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Several years ago, I was teaching at a new elementary school and wanted to get my community involved in family fitness events to promote exercising while having fun. I started organizing area families to participate together in local 5k fun runs. Within weeks, I was able to inspire over 25 students and their families to run a 5k together. Participation continued to grow and one particular day after a race, two parents suggested I start a before-school fitness and running club and offered to help me organize it. I was ecstatic my mission of promoting family fitness was taking hold. The fitness and running club that was born out of that mission proved to be a success and provided an opportunity for students to benefit from extended learning outside regular school hours.

If you’re interested in starting a before- or after-school fitness club, here are some helpful ideas and tips to inspire and guide you.

Be prepared for larger participation numbers than anticipated and use technology to help you organize.

Paper letters and permissions slips can create an overwhelming scenario when dealing with multiple grade levels. Communicating via email and electronic sign-up forms can alleviate this. (Some useful tools are Google Forms and SignUpGenius.) Additionally, creating a separate electronic sign-up for each grade level (1st, 2nd, 3rd, etc.) is an efficient way to keep track of and organize groups.

Don’t be afraid to ask parents and volunteers to help. 

Invite parents/ teachers/staff to join in the fitness and running activities as well. Fifth grade or older students can also be valuable to you as grade level leaders.

Remind parents and students that attendance isn’t mandatory.

Make sure to communicate that this is an outdoor club and attendance is not required. Depending on your location, weather can change daily so if it is too hot or cold or the conditions are not to participants’ liking they don’t have to come. This can alleviate potential conflicts or complaints as it is strictly the participant’s choice.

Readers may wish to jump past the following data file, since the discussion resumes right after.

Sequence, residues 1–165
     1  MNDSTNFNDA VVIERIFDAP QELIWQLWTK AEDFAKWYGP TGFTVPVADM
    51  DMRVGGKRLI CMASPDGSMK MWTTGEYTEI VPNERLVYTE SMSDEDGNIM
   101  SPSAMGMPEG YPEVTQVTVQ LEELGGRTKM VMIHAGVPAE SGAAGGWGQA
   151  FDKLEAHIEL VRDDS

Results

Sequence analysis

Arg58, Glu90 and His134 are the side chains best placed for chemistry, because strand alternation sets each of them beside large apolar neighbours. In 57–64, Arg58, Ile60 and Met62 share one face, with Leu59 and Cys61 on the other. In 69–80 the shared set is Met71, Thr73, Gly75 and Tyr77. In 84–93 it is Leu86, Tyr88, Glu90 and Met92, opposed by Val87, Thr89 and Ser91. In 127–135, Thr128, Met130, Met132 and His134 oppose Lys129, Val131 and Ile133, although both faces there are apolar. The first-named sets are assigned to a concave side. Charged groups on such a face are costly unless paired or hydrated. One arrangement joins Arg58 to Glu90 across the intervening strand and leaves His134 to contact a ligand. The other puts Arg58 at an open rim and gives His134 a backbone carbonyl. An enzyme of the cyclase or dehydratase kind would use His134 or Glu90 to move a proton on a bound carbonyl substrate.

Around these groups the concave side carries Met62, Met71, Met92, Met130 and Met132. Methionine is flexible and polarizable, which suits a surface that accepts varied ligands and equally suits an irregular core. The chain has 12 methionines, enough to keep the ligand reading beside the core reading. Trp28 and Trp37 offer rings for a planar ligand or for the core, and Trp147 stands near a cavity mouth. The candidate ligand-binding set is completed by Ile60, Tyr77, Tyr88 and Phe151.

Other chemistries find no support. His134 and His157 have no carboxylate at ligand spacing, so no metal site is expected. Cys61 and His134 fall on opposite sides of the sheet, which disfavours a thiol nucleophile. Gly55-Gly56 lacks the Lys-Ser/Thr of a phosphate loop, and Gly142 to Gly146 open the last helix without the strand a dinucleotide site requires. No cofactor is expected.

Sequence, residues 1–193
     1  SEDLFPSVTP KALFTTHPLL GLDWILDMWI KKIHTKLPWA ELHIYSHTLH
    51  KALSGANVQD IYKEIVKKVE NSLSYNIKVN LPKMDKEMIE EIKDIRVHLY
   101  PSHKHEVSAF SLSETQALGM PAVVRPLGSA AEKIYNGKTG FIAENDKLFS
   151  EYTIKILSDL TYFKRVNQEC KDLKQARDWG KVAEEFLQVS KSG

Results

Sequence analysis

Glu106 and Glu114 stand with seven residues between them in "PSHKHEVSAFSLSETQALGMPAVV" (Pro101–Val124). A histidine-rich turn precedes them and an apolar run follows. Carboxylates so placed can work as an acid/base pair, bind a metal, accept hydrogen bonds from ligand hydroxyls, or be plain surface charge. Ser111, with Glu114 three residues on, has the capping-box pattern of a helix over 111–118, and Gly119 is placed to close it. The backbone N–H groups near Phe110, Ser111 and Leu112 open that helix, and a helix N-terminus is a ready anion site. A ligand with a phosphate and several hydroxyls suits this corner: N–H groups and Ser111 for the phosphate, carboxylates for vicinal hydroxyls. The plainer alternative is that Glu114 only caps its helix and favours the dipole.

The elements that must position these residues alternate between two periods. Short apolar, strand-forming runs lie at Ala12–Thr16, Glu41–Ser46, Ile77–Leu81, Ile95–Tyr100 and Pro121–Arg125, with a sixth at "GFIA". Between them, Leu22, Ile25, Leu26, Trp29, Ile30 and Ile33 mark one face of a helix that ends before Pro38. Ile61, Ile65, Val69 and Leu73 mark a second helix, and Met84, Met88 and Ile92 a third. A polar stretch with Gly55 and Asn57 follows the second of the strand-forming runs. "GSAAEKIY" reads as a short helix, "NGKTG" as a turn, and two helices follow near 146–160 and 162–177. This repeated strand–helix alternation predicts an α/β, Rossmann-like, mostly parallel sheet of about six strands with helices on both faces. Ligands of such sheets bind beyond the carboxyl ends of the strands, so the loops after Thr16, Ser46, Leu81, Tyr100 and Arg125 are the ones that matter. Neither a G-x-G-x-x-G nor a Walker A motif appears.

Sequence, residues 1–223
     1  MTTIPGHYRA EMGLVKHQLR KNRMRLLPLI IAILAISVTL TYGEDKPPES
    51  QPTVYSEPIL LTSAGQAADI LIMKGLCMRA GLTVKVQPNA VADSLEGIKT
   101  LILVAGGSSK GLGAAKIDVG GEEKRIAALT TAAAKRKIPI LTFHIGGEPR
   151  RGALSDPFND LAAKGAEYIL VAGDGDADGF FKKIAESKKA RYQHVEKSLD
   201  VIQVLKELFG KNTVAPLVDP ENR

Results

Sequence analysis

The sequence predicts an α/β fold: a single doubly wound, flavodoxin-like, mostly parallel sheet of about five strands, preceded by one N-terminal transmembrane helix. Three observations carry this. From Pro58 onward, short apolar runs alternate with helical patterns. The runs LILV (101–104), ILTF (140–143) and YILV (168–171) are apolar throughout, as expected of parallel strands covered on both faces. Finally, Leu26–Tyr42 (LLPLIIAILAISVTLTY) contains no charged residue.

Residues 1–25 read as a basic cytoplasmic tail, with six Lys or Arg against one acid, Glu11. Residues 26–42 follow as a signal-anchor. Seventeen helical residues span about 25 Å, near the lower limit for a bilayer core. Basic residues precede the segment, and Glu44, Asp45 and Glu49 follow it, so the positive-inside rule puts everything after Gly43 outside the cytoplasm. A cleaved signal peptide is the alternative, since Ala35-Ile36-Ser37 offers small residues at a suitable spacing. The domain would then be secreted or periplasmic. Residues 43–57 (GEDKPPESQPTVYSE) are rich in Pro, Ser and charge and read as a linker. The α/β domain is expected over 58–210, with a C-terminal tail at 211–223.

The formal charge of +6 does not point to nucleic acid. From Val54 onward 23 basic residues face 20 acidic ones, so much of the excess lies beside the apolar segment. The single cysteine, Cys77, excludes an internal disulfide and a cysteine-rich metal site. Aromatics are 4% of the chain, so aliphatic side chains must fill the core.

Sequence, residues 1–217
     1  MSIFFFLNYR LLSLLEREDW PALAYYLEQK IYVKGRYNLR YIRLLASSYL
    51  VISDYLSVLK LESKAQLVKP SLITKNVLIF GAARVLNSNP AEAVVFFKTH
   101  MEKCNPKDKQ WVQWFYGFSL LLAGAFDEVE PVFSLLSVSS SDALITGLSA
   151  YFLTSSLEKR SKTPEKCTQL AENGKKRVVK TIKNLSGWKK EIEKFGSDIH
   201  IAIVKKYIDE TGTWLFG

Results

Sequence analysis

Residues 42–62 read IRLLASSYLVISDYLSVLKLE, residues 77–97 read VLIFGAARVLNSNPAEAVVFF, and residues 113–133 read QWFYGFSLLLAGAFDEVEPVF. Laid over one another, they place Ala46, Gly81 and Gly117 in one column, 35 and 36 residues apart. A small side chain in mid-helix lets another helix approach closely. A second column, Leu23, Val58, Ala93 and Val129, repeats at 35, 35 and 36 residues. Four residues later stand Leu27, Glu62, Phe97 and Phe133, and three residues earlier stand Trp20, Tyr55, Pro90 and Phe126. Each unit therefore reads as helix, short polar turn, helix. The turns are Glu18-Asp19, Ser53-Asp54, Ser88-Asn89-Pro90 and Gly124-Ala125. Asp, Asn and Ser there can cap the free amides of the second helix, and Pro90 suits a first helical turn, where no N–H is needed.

Have equipment ready and organized before students arrive.

Useful equipment can include:

  • Plenty of cones
  • Portable sound system with microphone and Bluetooth capability (students being able to hear you from a distance is vital!)
  • Colored woodcraft sticks for an easy-to-use tracking system
  • Sportime shoulder folders for signs to designate areas
  • Other items for fun fitness challenge pit stops (details below)

Create a schedule but have some flexibility.

Here’s an example schedule you can adjust as needed to fit your club.

  • 8:00 a.m. – 8:15 a.m.  Meet on the blacktop for attendance, good morning announcements, and group warmup. For the group warmup, have students all find their own space and perform different activities to get them moving.  (Here’s where the mobile sound system with microphone comes in handy.)
  • 8:15 a.m. – 8:20 a.m.  Demo the run course and pit stops. You can use older students to go out and demonstrate the course for the rest of the group. For the run course, set out cones in a pattern (circle, oval, square, etc.) and throughout the course, have 3-5 pit stops for the students to pause at if they want too. (Or, students can choose to run the whole time.) Mark the pit stops with signs. Some examples of pit stops you can use are: hoop station, agility ladder, over/under obstacle course, water/rest break, stretching, and balance activities. The key to pit stops is to make them fun, creative, and give students the ability to catch their breath and offer variety.
  • 8:20 a.m. – 8:50 a.m.  Start the music and off they go! It’s helpful to start off in waves with the older students first, so younger students knew where to go. As the students are running, things will spread out around your run course. Some students walk, others jog, and many stop at the various pit stops to do the different challenges. Somewhere on your run course, have 2-3 volunteers standing in an area passing out the small colored woodcraft sticks. For every lap the students complete, they receive a stick to keep track.
  • 8:50 a.m. – 9:00 a.m.  Gather students for closure and cooldown. Complimenting students on deciding to get up early before school and choosing good health can help keep them motivated and encouraged. Talk about the day, celebrate their woodcraft sticks and number of laps, and challenge them to see if they can increase their number by one stick the next time. Additionally, don’t forget to incorporate some light stretching.
  • 9:00 a.m.  Lots of high fives and off to the school day!

All students can benefit from extended learning, and creating a fitness and running club to provide that opportunity can be easier than you think. Be flexible, be organized, be creative, and, most importantly, have fun. Know that you are making a huge impact on the health of your students and community to extend learning in a fun and beneficial way.

Mike Smith

Mike Smith

Mike brings 19 years of experience teaching K–12, district and state instructional committees, plus 4 years teaching in higher education and 7 years as a Colorado Department of Education consultant and national presenter. He has served on various Physical Education organizations and boards. With this varied background to share, Mike is often invited to present at national, regional, state, and local conferences.
Read more by Mike Smith–>



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